As Canada’s financial “watchdog” OSFI believes these new rules will decrease the risks for Canadian households with significant debt if and when the interest rates rise.
Are you a Confused by the upcoming changes to the mortgage rules? Don’t panic.
Our very own Kent Browne, Owner and Broker at Royal LePage Team Realty, sat down with Mortgage Broker York Polk of Mortgage Alliance to discuss all these changes in order to help you, our clients, understand how they may affect you.
Here are the highlights:
Changes that came into effect November 30, 2016 and still apply:
All buyers having a down payment of less than 20% are required to pass a “Stress Test”* to obtain a mortgage.
To pass the stress test, buyers with a payment of less than 20% need to qualify at a higher rate (4.64% at the time) even though the contract rate is much lower (2.3% at the time).
Changes starting January 1, 2018
When OSFI’s new rules take effect – even those who have down payments of 20% or higher and do not require mortgage insurance – will also have to undergo a “Stress Test”. Home buyers will need to qualify for mortgages that are two percentage points higher than the rates at which they are applying.
The qualifying rate for the “Stress Test” would be the greater of either 2% higher than the contract rate or the Bank of Canada rate (currently at 4.99%).
The contract rate remains unaffected.
If you’re a prospective home buyer concerned about how the new mortgage rules will impact your buying power, here are a few tips:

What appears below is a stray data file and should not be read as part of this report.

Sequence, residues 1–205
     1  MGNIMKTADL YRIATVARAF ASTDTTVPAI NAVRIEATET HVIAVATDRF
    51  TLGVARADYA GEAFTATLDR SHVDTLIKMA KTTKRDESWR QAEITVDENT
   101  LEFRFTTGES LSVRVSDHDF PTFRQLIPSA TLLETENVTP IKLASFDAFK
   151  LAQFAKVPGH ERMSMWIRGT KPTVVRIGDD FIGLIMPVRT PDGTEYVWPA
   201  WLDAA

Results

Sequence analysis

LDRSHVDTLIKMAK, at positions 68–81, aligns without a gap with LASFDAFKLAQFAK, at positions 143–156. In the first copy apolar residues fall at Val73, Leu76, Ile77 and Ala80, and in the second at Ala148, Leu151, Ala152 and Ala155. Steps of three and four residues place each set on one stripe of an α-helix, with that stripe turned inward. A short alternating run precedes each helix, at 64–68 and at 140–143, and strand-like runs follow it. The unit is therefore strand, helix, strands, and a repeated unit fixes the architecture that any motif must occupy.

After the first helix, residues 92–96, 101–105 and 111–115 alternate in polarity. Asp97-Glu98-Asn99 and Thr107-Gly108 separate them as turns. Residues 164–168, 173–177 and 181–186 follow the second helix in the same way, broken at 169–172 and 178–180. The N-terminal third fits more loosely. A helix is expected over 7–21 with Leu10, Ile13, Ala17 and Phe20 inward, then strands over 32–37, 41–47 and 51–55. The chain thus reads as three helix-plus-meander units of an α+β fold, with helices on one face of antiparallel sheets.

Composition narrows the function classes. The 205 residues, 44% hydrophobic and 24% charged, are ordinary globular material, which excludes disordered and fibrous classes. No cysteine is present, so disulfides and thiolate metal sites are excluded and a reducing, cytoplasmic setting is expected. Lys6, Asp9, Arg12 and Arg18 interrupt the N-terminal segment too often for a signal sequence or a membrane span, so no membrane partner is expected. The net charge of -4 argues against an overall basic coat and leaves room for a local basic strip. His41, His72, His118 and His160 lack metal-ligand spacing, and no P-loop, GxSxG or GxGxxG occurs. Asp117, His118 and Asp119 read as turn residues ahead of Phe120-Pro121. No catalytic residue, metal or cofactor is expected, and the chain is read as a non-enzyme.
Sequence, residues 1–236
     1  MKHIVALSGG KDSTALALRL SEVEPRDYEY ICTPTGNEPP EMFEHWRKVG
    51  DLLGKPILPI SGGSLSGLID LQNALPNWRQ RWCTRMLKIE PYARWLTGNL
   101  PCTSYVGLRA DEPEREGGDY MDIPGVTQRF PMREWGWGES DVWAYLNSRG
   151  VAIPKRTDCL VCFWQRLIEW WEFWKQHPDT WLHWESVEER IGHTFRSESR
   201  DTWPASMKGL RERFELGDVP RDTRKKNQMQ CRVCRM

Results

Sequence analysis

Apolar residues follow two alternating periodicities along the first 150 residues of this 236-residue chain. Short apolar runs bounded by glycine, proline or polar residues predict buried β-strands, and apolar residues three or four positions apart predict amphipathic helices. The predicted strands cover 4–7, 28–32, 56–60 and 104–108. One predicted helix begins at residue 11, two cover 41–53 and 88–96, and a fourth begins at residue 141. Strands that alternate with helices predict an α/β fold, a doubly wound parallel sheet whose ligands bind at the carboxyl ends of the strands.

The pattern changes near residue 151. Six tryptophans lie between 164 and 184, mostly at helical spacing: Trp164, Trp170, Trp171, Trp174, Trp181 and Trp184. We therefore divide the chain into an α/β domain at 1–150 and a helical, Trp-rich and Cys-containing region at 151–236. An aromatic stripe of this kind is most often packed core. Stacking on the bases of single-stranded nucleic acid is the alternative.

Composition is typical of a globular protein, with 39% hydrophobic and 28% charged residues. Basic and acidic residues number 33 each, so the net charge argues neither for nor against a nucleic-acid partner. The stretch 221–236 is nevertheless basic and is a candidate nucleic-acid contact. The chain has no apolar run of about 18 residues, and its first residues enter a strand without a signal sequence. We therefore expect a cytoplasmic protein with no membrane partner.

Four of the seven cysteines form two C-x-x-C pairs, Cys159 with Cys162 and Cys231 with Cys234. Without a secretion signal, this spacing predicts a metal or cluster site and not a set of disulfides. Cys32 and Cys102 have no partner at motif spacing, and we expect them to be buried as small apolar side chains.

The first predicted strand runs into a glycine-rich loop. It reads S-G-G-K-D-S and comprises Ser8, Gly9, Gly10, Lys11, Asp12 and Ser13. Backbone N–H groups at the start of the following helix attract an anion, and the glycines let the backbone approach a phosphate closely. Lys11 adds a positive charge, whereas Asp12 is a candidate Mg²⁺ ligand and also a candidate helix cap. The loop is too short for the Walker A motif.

If you are thinking about buying a home, seriously consider buying now. Any firm agreement of purchase and sale on a specific property that has been completed and signed off on will follow the old rules, regardless of the closing date. Note, if you need to make any changes to the agreement after January 1st, you will need to qualify within the new rules.
Conventional mortgages can be stretched over up to 30 years and by doing so, it will be easier to qualify at this time.
While home buyers should always get pre-approved, this will not protect you from needing to qualify under the new rules if you are unable to purchase a property before 2018.
Contact your Realtor and a professional mortgage broker now to ensure that there are no surprises when it comes time to buy a home. Questions? We’d love to help! Contact us firstname.lastname@example.org.
* Stress testing is a best practice risk management tool. Stress tests are not predictions or forecasts, they involve searching out extreme “what if” scenarios that have a very remote chance of happening, and planning for them.
Diligent stress testing is an essential part of CMHC’s risk management program and allows CMHC to evaluate its capital levels against multiple scenarios. Effectively, they confirm if CMHC’s capital holdings are sufficient for even the most extreme scenarios.
Stress tests are used by financial institutions to gauge how their business would fare under extremely difficult conditions. They provide a formalized mechanism for companies to look at risks and to assess the impact of the different extreme events. This information is from the CMCH article found here.